- Alex Paton (), retired consultant physician, Oxfordshire
“Waste and inefficiency in the NHS is into lerable. A penny wasted is a penny stolen from a patient.” Thus Patricia Hewitt, the present health secretary and former board member of Andersen Consulting, trying to dig herself out of the financial mess that is the NHS. Ironically, according to Plundering the Public Sector, it is largely because of the billions of pounds wasted by new Labour on management consultants and information technology that the NHS is near bankrupt. The authors, David Craig, 20 years in management, and Richard Brooks, former tax inspector, provide a gripping and almost unbelievable account of the way taxpayers are being ripped off.
David Craig, Richard Brooks
Constable, £9.99, pp 264 ISBN 1 84529 374 6
New Labour decided that the way to modernise the public sector—health, schools, police, defence—was to replace cautious civil servants with trendy management consultants and large scale information technology. Legions of consultants, earning anything from £1000-2500 (€1467-3670; $1853-4632) a week plus perks, were hired from a number of major firms that already had cosy relationships with the government. At the last count 32 consultants were heading government departments and running Cabinet teams, their cost estimated at £20bn a year, and of course a “revolving door” allows former ministers and MPs to join the gravy train. Craig and Brooks write: “This pattern of surreptitiously giving vast sums to consultants, trying to disguise how much has been paid [commercial confidentiality] and attempting to paint the episode as a stunning triumph of managerial excellence is a recurring feature of most of new Labour's failed projects.” Huge amounts of taxpayers' money disappear with virtually no checks on spending, no mechanism for ensuring value, and few legal penalties or fines for late delivery or cost overruns, which are almost universal.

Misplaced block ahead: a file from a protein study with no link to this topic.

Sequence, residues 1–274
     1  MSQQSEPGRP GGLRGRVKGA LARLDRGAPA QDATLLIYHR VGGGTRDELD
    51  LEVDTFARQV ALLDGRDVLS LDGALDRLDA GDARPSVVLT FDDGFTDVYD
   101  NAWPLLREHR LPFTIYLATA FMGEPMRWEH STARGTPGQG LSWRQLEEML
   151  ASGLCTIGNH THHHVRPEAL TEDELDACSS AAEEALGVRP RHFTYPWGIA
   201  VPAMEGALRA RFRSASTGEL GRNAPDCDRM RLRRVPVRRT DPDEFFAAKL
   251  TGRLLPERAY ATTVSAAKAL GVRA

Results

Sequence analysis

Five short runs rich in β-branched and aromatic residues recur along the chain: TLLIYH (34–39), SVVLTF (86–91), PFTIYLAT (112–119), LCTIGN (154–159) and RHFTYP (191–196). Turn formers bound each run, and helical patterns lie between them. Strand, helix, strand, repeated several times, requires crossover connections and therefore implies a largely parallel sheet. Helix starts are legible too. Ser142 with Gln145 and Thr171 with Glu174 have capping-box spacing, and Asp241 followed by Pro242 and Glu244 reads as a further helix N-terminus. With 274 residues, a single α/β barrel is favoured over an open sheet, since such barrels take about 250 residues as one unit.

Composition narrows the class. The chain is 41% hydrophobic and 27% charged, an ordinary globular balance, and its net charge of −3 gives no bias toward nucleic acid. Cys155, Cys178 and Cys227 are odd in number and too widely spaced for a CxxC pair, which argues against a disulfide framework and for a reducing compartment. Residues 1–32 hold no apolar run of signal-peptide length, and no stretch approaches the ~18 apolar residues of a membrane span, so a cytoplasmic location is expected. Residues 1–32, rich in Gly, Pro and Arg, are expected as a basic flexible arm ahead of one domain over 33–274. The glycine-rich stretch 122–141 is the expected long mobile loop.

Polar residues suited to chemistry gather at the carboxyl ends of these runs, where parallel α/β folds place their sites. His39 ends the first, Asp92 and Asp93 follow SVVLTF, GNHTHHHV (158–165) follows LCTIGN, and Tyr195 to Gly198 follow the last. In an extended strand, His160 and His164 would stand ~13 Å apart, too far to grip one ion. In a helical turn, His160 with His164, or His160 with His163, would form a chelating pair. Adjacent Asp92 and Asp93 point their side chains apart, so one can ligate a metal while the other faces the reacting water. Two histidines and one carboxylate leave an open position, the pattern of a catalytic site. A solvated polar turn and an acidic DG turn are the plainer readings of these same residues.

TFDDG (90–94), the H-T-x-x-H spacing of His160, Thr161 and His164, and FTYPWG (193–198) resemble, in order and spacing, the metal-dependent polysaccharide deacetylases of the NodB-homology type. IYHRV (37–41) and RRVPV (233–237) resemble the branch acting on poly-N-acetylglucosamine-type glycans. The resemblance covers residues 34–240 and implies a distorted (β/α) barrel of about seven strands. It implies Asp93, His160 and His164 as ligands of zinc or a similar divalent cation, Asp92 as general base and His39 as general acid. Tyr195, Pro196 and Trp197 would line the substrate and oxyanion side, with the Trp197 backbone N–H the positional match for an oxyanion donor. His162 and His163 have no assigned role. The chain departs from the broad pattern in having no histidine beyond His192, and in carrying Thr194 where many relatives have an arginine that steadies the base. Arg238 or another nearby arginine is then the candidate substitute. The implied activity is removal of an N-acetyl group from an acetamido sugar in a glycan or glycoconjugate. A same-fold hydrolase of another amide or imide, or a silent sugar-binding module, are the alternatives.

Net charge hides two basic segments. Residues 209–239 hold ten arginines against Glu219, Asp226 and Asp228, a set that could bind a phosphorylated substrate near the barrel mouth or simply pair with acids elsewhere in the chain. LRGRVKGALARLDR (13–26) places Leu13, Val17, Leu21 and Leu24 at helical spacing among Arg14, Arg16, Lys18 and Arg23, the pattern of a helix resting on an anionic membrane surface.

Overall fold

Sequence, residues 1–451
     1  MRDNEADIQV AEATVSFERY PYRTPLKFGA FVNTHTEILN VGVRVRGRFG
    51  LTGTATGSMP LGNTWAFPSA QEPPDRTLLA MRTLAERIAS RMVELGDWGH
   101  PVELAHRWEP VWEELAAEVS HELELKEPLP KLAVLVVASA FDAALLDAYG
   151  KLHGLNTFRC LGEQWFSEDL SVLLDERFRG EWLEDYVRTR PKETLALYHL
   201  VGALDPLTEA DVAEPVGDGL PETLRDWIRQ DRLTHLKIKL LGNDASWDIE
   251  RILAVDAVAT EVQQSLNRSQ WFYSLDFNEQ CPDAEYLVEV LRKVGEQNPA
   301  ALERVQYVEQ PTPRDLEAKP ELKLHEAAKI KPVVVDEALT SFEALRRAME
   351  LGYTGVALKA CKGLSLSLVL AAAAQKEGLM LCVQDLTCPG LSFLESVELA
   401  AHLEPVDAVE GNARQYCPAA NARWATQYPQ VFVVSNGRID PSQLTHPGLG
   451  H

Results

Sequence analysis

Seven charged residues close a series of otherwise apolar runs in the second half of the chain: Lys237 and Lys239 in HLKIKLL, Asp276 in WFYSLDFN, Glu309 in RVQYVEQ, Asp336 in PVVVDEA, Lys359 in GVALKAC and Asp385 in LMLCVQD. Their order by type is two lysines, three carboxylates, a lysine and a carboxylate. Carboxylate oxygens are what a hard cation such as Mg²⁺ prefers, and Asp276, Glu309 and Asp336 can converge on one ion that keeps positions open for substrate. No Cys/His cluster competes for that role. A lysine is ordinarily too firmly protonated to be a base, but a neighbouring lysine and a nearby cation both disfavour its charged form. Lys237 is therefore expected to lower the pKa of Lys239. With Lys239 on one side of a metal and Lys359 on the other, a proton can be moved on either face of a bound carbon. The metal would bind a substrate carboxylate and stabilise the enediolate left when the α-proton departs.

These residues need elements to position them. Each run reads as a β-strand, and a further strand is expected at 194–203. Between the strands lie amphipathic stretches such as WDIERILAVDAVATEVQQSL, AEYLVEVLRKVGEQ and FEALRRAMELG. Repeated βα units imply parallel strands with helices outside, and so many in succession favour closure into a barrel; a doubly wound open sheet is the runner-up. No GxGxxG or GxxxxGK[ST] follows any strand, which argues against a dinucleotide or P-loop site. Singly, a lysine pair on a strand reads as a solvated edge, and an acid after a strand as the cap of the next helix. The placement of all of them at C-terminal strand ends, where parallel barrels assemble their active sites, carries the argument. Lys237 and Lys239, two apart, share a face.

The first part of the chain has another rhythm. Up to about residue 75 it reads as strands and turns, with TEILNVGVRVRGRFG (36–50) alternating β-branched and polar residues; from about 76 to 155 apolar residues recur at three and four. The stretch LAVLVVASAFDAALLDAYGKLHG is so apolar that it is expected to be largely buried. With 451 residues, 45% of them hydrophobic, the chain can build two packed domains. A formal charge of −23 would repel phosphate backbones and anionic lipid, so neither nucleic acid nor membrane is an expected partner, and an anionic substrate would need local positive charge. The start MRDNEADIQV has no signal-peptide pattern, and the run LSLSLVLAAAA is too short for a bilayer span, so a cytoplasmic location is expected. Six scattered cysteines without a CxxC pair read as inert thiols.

The information technology scene is equally depressing. Attempts to computerise the public sector have resulted in a string of spectacular and expensive disasters: Customs and Excise, Child Support Agency, Inland Revenue tax credits, National Air Traffic Control, and passports among them. The firms responsible seldom suffer since the government pays the overspend, and even awards them new contracts. The most ambitious project of all, NHS IT, trendily named Connecting for Health, costed at £6.5bn and directed by Richard Granger (ex Deloitte), is running two years late and the price has been upped to £20bn; it may eventually reach £50bn (the total NHS budget is £70bn). Its showcase project, “Choose and Book,” has been a dismal failure, largely, the authors say, because new Labour's mantra of “choice” suits a miniscule number of the 23 million hospital admissions a year. It is already being dubbed the electronic Millennium Dome.
A long list of radical solutions is provided in a final chapter, but a government committed to spin, lies, secrecy, and “running the country by newspaper headlines” is unlikely to have the courage to admit its mistakes—let alone reverse them. Those who voted Labour in 1997 will endorse the authors' conclusion that new Labour's support for management consultants over the interests of taxpayers is “after the Iraq War the greatest betrayal of the electorate that once had such high hopes of the Blair and Brown administration.”